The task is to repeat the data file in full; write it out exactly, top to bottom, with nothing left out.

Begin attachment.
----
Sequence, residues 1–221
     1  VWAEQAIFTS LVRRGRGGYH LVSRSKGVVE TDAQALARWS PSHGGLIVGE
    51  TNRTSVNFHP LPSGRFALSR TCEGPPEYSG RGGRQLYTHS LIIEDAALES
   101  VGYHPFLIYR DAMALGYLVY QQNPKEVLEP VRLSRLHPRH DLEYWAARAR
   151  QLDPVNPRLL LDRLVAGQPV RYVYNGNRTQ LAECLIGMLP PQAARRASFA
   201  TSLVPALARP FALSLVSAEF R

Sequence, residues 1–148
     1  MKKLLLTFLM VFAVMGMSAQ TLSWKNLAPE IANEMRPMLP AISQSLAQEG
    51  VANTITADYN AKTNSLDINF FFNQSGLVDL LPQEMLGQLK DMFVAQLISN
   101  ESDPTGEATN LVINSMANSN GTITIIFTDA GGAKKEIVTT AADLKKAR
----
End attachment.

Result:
Sequence, residues 1–221
     1  VWAEQAIFTS LVRRGRGGYH LVSRSKGVVE TDAQALARWS PSHGGLIVGE
    51  TNRTSVNFHP LPSGRFALSR TCEGPPEYSG RGGRQLYTHS LIIEDAALES
   101  VGYHPFLIYR DAMALGYLVY QQNPKEVLEP VRLSRLHPRH DLEYWAARAR
   151  QLDPVNPRLL LDRLVAGQPV RYVYNGNRTQ LAECLIGMLP PQAARRASFA
   201  TSLVPALARP FALSLVSAEF R

Sequence, residues 1–148
     1  MKKLLLTFLM VFAVMGMSAQ TLSWKNLAPE IANEMRPMLP AISQSLAQEG
    51  VANTITADYN AKTNSLDINF FFNQSGLVDL LPQEMLGQLK DMFVAQLISN
   101  ESDPTGEATN LVINSMANSN GTITIIFTDA GGAKKEIVTT AADLKKAR